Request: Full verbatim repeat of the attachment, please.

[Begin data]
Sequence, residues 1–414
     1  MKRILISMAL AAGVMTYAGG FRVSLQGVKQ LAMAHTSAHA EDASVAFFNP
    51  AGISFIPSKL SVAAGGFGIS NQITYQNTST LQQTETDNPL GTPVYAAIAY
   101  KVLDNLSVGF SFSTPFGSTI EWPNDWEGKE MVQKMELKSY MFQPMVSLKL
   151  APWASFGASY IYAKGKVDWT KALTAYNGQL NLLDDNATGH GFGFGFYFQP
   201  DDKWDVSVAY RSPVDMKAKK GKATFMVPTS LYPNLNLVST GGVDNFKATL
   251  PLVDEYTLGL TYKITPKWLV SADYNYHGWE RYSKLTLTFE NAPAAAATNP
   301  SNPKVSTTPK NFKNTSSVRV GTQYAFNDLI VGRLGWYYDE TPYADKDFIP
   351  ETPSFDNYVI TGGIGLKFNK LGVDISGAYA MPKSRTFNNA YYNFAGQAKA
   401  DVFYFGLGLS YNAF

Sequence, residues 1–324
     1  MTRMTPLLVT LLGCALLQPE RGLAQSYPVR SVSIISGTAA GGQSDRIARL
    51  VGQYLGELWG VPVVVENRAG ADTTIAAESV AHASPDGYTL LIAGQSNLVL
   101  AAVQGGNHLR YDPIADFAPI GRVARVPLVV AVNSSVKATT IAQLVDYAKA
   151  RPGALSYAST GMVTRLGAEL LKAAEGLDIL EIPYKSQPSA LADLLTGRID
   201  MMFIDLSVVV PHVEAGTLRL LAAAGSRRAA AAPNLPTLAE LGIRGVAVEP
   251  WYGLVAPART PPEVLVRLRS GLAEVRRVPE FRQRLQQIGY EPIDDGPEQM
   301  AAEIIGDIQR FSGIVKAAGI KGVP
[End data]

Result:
Sequence, residues 1–414
     1  MKRILISMAL AAGVMTYAGG FRVSLQGVKQ LAMAHTSAHA EDASVAFFNP
    51  AGISFIPSKL SVAAGGFGIS NQITYQNTST LQQTETDNPL GTPVYAAIAY
   101  KVLDNLSVGF SFSTPFGSTI EWPNDWEGKE MVQKMELKSY MFQPMVSLKL
   151  APWASFGASY IYAKGKVDWT KALTAYNGQL NLLDDNATGH GFGFGFYFQP
   201  DDKWDVSVAY RSPVDMKAKK GKATFMVPTS LYPNLNLVST GGVDNFKATL
   251  PLVDEYTLGL TYKITPKWLV SADYNYHGWE RYSKLTLTFE NAPAAAATNP
   301  SNPKVSTTPK NFKNTSSVRV GTQYAFNDLI VGRLGWYYDE TPYADKDFIP
   351  ETPSFDNYVI TGGIGLKFNK LGVDISGAYA MPKSRTFNNA YYNFAGQAKA
   401  DVFYFGLGLS YNAF

Sequence, residues 1–324
     1  MTRMTPLLVT LLGCALLQPE RGLAQSYPVR SVSIISGTAA GGQSDRIARL
    51  VGQYLGELWG VPVVVENRAG ADTTIAAESV AHASPDGYTL LIAGQSNLVL
   101  AAVQGGNHLR YDPIADFAPI GRVARVPLVV AVNSSVKATT IAQLVDYAKA
   151  RPGALSYAST GMVTRLGAEL LKAAEGLDIL EIPYKSQPSA LADLLTGRID
   201  MMFIDLSVVV PHVEAGTLRL LAAAGSRRAA AAPNLPTLAE LGIRGVAVEP
   251  WYGLVAPART PPEVLVRLRS GLAEVRRVPE FRQRLQQIGY EPIDDGPEQM
   301  AAEIIGDIQR FSGIVKAAGI KGVP